Half of the Answer to the World’s Problems
As of this year, only 4.6% of S&P 500 companies had female CEOs. That’s 45.4% of female leadership we’re missing out on.
Today, you’d be hard-pressed to find a study that does not support diversity in any kind of team environment.
Amcham’s most recent Women’s Network on Life-Changing Moments in Leadership featured two distinguished individuals with impressive backgrounds as leaders.
Retired United States Air Force Pilot Heather Penney, who helped protect Washington during the 9/11 attacks, spoke on how female roles take shape in a traditionally male-dominated field.
During her career in the Air Force she was tasked with increasing the retention of women in the USAF. She quickly realized that in order to do so, it was necessary to enable women to reach the 4-star general level.
“When there’s one low-ranking female in a mission, they tend to go along with the raunchy jokes told by the males on the team,” Penney highlighted. “But when you throw a high-ranking female into the mix, that behavior subsides.”
The locker room behavior is not mission-related – it’s all about culture.
Organizations need to incentivize metrics that support healthy team culture. She mentioned a number of studies supporting this claim, with the threshold of diversity to shift cultural norms to be at least 30%.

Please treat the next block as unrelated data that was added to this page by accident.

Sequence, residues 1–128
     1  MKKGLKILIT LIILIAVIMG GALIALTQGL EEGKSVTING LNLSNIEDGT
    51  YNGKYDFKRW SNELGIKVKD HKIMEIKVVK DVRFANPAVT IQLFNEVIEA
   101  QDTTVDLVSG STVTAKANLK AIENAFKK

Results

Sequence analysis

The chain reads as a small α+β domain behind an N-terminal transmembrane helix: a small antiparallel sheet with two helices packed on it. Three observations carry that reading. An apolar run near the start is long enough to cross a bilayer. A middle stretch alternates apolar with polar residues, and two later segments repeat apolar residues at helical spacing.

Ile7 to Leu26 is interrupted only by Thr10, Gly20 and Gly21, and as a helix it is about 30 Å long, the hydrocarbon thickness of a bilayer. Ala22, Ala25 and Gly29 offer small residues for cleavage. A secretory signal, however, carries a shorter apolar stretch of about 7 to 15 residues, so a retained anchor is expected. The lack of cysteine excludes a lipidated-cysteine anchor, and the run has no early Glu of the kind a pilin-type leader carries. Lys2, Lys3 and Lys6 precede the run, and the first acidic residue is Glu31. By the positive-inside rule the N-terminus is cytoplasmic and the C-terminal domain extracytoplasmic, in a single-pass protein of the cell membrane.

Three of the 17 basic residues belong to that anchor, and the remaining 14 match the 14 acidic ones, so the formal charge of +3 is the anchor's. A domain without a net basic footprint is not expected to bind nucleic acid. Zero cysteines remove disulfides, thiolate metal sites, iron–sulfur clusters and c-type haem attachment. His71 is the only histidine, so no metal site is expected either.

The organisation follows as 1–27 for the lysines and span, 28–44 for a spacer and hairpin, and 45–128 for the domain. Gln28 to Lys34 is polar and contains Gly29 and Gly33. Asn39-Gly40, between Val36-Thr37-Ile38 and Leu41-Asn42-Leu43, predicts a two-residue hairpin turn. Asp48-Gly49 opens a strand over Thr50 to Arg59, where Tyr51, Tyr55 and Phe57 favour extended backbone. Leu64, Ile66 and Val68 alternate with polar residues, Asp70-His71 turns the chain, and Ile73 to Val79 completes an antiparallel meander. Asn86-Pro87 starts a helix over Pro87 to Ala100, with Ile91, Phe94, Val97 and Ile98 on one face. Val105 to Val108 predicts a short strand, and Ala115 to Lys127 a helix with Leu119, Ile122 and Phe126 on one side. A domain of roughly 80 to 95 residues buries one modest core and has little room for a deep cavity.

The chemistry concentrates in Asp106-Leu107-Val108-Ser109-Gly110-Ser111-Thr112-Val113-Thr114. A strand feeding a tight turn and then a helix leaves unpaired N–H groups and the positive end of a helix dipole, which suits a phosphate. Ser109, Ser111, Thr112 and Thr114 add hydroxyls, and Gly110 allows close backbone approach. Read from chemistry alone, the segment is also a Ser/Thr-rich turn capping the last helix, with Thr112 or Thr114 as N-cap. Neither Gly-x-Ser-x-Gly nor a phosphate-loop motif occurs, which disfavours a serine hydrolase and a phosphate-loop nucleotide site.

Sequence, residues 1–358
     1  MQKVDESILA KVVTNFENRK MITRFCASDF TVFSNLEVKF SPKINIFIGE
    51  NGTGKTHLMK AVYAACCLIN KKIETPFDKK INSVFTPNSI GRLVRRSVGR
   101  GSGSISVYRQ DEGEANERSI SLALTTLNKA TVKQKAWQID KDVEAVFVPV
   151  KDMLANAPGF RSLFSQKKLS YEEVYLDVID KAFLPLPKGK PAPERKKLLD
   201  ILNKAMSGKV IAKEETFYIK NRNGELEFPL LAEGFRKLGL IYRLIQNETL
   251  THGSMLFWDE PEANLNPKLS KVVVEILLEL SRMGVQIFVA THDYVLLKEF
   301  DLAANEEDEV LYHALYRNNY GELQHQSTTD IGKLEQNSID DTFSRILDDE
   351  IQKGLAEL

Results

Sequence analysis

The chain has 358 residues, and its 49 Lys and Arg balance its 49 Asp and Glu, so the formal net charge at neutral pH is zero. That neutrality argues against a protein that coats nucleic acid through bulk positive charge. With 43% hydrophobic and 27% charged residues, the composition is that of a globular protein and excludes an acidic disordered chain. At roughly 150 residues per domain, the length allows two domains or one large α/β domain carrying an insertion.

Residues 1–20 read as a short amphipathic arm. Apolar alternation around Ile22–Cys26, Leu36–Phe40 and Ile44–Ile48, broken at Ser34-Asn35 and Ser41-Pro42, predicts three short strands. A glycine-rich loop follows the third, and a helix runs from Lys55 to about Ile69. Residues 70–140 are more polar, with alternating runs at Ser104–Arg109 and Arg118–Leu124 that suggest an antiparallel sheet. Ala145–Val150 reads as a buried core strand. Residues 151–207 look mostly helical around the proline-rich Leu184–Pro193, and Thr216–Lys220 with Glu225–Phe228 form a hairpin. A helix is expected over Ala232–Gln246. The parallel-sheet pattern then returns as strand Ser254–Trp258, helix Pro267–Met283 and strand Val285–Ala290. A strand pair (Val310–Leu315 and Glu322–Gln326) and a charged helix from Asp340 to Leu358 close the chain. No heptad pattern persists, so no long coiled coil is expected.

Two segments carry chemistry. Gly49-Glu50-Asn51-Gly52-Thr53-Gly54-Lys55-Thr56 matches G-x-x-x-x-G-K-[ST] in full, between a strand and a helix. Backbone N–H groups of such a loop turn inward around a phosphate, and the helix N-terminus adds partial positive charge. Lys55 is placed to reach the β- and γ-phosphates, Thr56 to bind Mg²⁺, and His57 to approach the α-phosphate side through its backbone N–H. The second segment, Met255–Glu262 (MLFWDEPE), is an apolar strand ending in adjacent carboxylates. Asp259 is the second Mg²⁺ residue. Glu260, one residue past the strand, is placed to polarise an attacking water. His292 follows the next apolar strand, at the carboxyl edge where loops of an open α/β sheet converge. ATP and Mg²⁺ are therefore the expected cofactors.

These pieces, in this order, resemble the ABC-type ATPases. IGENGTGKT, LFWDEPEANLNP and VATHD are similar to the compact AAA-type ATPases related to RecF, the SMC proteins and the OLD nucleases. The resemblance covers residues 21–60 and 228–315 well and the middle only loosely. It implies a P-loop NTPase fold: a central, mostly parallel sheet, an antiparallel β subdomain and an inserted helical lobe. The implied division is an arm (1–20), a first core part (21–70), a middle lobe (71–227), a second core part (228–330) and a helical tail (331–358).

Not only do we need to empower the female leaders we have, we need to provide younger generations of women with the tools and opportunities they need for upward mobility.
“Female role models matter. Because if you can see it, you can be it,” Penney emphasized.
Former Finnish Minister of Defence Elisabeth Rehn took the stage next, opening with a story that many women in the audience could relate to.
“When the children are screaming and the porridge is boiling over, remember to stay calm,” she candidly advised.
“Stay calm and have courage in leadership. Life happens. You can’t predict what’s going to happen next.”
Sometimes life takes us in unexpected directions. For Ms. Rehn, life led her to become Finland’s – and the world’s – first female Minister of Defence.
Having this title has held a lot of weight in the years following her term. Whatever situation we find ourselves in, “give whatever you have from the resources you have. Lend your name to something new.”
She told stories about the work she did with the UN in Bosnia and Herzegovina in the 1990’s. Both women echoed that having physical courage isn’t the hard part. “When you’re being shot at, you don’t really have a choice.”
The hard part is learning how to tap into that courage when we do have a choice.
As she closed her presentation, she took questions from the audience. One woman asked Rehn if she could have one wish, what it would be.
“That women are present when peace is being made – at the negotiation table,” Rehn answered with ease.
After all, women represent 50% of the solutions we seek every day.